Monday, March 5, 2018

Circus + Baseball + Coming of Age + SciFi = These Reads

One problem with all these book posts is I run out of creative ways to start these. So, again, here's some books I read.




Bottom Of The 33rd: Hope, Redemption and Baseball's Longest Game by Dan Barry is so incredibly well-written. It's a nonfiction read, and yes, there is in fact a real life baseball game that once went 33 innings! This is a trek back through that game in 1981 between the AAA Pawtucket Red Sox and Rochester Red Wings, but y'all it's so much more. The author dives into the stories of the players (which includes two guys you may have heard of - Wade Boggs and Cal Ripken Jr), as well as the fans that were in attendance. Minor league baseball is a fascinating place, and this is such a thorough and beautiful examination. I've read a lot of sports books through the years, and this is one of the best. This has been on my list for some time, and I'm so glad I finally found it at Powell's, so I could have the experience of reading this in my life.

Read this book if - You love a good sports read. You're a baseball fan. You love books that involve a variety of stories about a variety of people.

The Truth As Told By Mason Buttle by Leslie Connor was an advanced reader's copy I received. It's a middle grade read (so 3rd through 5th grade, I guess?) and I think that was one of my struggles with this one. I tried to imagine how the elementary school version of me would react for this one. I liked it well enough, and I think I would have felt the same way as a kid. It's the classic story of a lovable kid who struggles with the social hierarchy of childhood. He's lost a friend, and he makes a new one along the way, as he is trying to navigate bullying, relentless questions about what really happened to his friend (which is the big *gasp* at the end), continuing to navigate grief, and just all that being a kid brings with it.

Read this book if - You are a fan of the middle grade genre and/or a middle grader who also apparently reads blogs of thirtysomethings that offer book reviews?

The Life She Was Given by Ellen Marie Wiseman was this month's selection for my online book club. I hadn't heard of this one before diving in, and wow, y'all, this one got me. It's an emotional read, but it's so wonderful. It's a read that alternates between narrators in two different times. There's the story of Lilly in 1931, a little girl who's never really left her home, and then one night, her mother sells her to the circus. Then, there's Julia who is navigating life in 1955. She's left her toxic home life, is struggling to get by, and then she gets some news that takes her back to her childhood home. The stories run separately, but as you go, some common threads start to appear. I am also particularly captivated by stories of the circus, so this one really got me. I do offer the disclaimer that when I say emotion there is some tragedy involved, but so worth feeling those feels.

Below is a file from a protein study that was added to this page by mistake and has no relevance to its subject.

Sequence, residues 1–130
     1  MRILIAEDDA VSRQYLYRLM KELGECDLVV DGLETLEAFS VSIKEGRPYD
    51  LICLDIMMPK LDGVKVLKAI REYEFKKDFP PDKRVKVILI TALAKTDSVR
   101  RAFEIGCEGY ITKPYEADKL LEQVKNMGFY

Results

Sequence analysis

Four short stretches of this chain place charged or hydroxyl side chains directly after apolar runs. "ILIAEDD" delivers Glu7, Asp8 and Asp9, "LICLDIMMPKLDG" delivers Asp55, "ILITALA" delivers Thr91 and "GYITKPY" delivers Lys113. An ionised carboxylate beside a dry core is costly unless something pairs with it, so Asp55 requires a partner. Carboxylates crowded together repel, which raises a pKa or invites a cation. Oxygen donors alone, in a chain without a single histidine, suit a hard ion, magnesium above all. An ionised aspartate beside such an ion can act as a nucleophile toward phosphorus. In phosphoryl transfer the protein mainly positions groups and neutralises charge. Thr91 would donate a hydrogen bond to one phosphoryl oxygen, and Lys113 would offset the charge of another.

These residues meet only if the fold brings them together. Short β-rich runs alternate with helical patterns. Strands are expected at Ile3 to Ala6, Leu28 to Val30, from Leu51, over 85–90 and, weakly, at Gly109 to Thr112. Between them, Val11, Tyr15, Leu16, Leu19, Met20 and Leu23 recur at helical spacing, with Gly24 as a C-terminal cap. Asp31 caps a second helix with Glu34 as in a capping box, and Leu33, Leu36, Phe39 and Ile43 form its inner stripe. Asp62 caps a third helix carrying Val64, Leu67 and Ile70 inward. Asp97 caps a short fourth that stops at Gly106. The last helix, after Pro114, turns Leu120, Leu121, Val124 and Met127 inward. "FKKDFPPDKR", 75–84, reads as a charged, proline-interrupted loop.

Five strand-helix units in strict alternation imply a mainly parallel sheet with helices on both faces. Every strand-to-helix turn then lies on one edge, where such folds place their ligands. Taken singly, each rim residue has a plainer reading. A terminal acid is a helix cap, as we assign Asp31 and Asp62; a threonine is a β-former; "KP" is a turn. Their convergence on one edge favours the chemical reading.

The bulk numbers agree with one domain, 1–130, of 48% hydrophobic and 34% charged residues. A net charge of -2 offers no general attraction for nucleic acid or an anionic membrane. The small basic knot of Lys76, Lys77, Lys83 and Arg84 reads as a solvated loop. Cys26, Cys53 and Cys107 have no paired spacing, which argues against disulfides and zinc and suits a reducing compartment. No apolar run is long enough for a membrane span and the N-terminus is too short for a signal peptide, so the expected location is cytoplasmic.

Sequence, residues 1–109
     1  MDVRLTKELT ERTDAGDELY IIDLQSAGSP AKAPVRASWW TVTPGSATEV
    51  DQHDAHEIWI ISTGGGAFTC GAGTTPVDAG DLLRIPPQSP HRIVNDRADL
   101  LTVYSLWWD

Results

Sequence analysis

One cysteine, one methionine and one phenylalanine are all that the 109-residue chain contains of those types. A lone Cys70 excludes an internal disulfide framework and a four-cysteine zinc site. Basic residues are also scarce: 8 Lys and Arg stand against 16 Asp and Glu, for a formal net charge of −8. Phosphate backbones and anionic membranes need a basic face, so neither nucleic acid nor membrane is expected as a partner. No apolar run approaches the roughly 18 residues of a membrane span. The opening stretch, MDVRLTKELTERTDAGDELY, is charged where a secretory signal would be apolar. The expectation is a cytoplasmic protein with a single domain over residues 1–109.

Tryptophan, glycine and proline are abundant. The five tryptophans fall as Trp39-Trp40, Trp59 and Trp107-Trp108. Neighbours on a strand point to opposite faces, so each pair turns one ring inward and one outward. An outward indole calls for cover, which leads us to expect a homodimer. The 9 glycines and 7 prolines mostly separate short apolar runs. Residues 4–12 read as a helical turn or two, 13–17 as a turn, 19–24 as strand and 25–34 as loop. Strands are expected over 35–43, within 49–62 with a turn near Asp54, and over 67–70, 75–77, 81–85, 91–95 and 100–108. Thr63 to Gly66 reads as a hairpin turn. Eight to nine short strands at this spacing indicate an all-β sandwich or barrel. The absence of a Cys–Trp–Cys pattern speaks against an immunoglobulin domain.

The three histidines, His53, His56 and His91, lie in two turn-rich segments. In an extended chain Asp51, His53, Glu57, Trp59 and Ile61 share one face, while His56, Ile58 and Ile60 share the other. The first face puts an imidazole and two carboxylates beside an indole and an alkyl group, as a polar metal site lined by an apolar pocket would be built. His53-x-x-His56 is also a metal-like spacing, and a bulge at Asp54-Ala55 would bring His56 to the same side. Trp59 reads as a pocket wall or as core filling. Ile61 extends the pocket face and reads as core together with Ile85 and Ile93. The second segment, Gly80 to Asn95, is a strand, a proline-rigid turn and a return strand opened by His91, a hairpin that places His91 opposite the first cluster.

Read this book if - You like historical fiction. You like a book that has a bit of a mystery in its plot. You share my fascination with the world of the circus.

A Wrinkle In Time: The Graphic Novel was obviously one I read because of the movie. I opted for the graphic novel because I hadn't read one in awhile, and I thought this was be a good opportunity to do that. After reading, I could see why people are so captivated by the story. And y'all, it is going to be so visually stunning. There is so much dimension to the story (both literally and figuratively, I guess). I really am glad I took the time to get to know the source material before checking out the real deal soon-ish. Movie aside, the graphic novel was really well done. At some point, I want to go and read the full novel just to compare, but I felt like this was a really strong retelling with an added visual element that made the story come to life even more for someone (me) who was reading this for the first time.

Read this book if - You plan on seeing the movie and want to have the background of the original material. You've already seen the movie and want to see where it all began. You have no idea if/when you'll see the movie, but you like a good sci-fi read.

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